It would also make it much more difficult to enable the delegation (“sharing”) of specific directories. Since each aggregate “realm” provides all-or-nothing access control, the act of delegating any directory from the middle of the realm would require the realm first be split into the upper piece that isn’t being shared and the lower piece that is. This splitting would have to be done in response to what is essentially a read operation, which is not traditionally supposed to be a high-effort action. On the other hand, it may be possible to aggregate the ciphertext, but use distinct encryption keys for each component directory, to get the benefits of both schemes at once.

Dirnode expiration and leases

Dirnodes are created any time a client wishes to add a new directory. How long do they live? What’s to keep them from sticking around forever, taking up space that nobody can reach any longer?

Mutable files are created with limited-time “leases”, which keep the shares alive until the last lease has expired or been cancelled. Clients which know and care about specific dirnodes can ask to keep them alive for a while, by renewing a lease on them (with a typical period of one month). Clients are expected to assist in the deletion of dirnodes by canceling their leases as soon as they are done with them. This means that when a client unlinks a directory, it should also cancel its lease on that directory. When the lease count on a given share goes to zero, the storage server can delete the related storage. Multiple clients may all have leases on the same dirnode: the server may delete the shares only after all of the leases have gone away.

We expect that clients will periodically create a “manifest”: a list of so-called “refresh capabilities” for all of the dirnodes and files that they can reach. They will give this manifest to the “repairer”, which is a service that keeps files (and dirnodes) alive on behalf of clients who cannot take on this responsibility for themselves. These refresh capabilities include the storage index, but do not include the readkeys or writekeys, so the repairer does not get to read the files or directories that it is helping to keep alive.

After each change to the user’s file store, the client creates a manifest and looks for differences from their previous version. Anything which was removed prompts the client to send out lease-cancellation messages, allowing the data to be deleted.

Starting Points: root dirnodes

Any client can record the URI of a directory node in some external form (say, in a local file) and use it as the starting point of later traversal. Each Tahoe-LAFS user is expected to create a new (unattached) dirnode when they first start using the grid, and record its URI for later use.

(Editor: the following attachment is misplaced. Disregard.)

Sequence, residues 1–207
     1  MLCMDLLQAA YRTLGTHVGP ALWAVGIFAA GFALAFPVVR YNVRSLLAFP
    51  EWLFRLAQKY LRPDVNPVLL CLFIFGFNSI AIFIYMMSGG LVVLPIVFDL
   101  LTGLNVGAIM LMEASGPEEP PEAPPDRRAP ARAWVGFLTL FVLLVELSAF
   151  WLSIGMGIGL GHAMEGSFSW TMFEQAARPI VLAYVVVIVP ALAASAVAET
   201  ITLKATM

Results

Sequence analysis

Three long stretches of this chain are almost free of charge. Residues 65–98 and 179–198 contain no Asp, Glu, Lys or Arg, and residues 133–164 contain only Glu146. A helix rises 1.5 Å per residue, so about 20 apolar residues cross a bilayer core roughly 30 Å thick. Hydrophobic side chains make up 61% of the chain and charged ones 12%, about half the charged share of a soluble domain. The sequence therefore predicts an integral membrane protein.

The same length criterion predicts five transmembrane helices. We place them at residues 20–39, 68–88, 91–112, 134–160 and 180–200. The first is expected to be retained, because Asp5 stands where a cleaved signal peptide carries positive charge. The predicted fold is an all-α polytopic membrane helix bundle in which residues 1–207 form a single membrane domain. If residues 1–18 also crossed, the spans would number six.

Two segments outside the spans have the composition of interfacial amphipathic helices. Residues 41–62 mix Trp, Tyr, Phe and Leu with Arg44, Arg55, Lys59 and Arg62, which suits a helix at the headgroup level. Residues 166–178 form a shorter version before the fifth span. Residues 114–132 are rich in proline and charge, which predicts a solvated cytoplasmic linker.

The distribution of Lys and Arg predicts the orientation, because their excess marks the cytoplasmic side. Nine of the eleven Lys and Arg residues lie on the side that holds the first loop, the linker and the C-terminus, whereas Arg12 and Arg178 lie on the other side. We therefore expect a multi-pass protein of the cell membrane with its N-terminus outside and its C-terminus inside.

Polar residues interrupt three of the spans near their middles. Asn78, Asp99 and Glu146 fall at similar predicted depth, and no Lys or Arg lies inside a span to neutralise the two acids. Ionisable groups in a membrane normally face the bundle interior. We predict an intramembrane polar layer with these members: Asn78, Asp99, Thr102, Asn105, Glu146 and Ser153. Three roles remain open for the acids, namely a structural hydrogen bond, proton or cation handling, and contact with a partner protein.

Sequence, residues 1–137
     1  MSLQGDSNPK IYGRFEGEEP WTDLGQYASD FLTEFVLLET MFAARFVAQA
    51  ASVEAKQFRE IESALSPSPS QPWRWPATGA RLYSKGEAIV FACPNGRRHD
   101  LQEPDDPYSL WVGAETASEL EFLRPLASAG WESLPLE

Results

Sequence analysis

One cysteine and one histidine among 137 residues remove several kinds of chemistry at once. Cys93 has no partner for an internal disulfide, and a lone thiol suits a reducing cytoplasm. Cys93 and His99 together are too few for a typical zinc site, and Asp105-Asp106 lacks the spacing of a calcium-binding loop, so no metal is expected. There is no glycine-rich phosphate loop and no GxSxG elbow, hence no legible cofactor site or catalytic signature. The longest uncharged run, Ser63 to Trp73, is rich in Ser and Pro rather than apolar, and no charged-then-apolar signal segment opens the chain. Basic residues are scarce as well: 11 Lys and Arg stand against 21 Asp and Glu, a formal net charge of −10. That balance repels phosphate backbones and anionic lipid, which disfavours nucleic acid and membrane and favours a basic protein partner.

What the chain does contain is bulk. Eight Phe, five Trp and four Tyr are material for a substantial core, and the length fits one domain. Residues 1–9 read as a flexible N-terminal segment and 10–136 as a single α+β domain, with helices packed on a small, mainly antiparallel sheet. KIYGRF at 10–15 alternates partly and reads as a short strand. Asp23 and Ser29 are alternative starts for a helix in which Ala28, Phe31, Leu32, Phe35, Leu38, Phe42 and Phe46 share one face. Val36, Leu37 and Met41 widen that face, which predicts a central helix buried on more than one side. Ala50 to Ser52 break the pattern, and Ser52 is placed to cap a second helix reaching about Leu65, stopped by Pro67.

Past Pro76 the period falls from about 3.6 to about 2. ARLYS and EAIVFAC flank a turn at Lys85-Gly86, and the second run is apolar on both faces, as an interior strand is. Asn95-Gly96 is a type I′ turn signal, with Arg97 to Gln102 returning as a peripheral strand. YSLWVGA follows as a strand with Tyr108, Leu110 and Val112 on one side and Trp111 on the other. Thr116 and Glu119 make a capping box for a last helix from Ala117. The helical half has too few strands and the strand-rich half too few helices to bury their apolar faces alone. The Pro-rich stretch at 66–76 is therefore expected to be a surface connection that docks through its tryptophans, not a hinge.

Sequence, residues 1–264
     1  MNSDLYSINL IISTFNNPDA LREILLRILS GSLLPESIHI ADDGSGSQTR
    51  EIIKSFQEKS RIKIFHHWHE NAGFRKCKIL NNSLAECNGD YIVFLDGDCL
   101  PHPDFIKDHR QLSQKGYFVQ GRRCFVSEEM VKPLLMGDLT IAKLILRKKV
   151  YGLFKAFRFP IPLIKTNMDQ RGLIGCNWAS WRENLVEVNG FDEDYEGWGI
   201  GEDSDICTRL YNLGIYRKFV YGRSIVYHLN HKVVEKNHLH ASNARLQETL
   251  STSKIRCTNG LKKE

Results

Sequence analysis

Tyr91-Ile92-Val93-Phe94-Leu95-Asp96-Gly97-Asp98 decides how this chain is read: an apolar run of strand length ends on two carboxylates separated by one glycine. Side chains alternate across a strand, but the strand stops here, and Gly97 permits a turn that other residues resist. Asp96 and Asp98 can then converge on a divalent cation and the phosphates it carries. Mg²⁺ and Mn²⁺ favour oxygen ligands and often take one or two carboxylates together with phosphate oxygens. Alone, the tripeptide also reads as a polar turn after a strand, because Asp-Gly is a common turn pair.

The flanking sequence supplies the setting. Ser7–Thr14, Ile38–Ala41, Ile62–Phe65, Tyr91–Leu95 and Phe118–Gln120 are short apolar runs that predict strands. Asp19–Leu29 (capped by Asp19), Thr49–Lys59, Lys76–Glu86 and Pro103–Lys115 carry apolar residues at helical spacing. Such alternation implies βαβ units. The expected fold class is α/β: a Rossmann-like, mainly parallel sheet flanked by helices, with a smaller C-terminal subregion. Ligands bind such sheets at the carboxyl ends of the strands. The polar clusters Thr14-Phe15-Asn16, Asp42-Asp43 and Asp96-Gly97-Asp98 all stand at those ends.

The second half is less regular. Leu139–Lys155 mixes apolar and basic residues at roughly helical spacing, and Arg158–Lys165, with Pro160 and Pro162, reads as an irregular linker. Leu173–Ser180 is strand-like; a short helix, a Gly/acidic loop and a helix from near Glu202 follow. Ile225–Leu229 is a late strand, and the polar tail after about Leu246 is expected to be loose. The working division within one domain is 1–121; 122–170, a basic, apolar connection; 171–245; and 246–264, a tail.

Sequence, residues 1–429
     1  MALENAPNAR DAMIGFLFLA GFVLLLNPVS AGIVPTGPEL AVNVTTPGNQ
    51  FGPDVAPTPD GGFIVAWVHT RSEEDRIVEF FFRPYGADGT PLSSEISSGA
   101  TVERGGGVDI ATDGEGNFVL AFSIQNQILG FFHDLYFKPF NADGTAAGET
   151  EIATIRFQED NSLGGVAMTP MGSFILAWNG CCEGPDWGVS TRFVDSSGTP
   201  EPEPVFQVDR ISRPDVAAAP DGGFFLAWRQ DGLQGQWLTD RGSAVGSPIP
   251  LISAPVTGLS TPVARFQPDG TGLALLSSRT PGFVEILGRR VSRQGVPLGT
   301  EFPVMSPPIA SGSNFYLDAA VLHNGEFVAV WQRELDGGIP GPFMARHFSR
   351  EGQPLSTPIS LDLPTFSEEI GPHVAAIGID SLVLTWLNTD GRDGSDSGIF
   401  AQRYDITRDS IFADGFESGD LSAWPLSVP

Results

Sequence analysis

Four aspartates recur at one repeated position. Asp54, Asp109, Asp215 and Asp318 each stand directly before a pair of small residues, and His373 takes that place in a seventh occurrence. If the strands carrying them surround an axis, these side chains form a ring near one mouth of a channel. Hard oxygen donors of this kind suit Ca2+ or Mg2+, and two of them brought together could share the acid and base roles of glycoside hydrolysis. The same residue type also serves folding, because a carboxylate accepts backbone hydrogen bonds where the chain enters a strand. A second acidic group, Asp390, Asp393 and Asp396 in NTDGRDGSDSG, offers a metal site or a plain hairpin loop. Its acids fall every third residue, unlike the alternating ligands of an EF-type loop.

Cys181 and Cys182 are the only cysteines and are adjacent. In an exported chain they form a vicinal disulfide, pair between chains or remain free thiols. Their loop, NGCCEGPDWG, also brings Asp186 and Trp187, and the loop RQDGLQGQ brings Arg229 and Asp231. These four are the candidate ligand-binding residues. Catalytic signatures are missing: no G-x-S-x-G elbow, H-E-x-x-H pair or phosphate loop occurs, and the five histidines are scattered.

Mounting and Sharing Directories

The biggest benefit of this dirnode approach is that sharing individual directories is almost trivial. Alice creates a subdirectory that she wants to use to share files with Bob. This subdirectory is attached to Alice’s file store at “alice:shared-with-bob”. She asks her file store for the read-only directory URI for that new directory, and emails it to Bob. When Bob receives the URI, he attaches the given URI into one of his own directories, perhaps at a place named “bob:shared-with-alice”. Every time Alice writes a file into this directory, Bob will be able to read it. (It is also possible to share read-write URIs between users, but that makes it difficult to follow the Prime Coordination Directive .) Neither Alice nor Bob will get access to any files above the mounted directory: there are no ‘parent directory’ pointers. If Alice creates a nested set of directories, “alice:shared-with-bob/subdir2”, and gives a read-only URI to shared-with-bob to Bob, then Bob will be unable to write to either shared-with-bob/ or subdir2/.

A suitable UI needs to be created to allow users to easily perform this sharing action: dragging a folder from their file store to an IM or email user icon, for example. The UI will need to give the sending user an opportunity to indicate whether they want to grant read-write or read-only access to the recipient. The recipient then needs an interface to drag the new folder into their file store and give it a home.


When Alice decides that she no longer wants Bob to be able to access the shared directory, what should she do? Suppose she’s shared this folder with both Bob and Carol, and now she wants Carol to retain access to it but Bob to be shut out. Ideally Carol should not have to do anything: her access should continue unabated.

The current plan is to have her client create a deep copy of the folder in question, delegate access to the new folder to the remaining members of the group (Carol), asking the lucky survivors to replace their old reference with the new one. Bob may still have access to the old folder, but he is now the only one who cares: everyone else has moved on, and he will no longer be able to see their new changes. In a strict sense, this is the strongest form of revocation that can be accomplished: there is no point trying to force Bob to forget about the files that he read a moment before being kicked out. In addition it must be noted that anyone who can access the directory can proxy for Bob, reading files to him and accepting changes whenever he wants. Preventing delegation between communication parties is just as pointless as asking Bob to forget previously accessed files. However, there may be value to configuring the UI to ask Carol to not share files with Bob, or to removing all files from Bob’s view at the same time his access is revoked.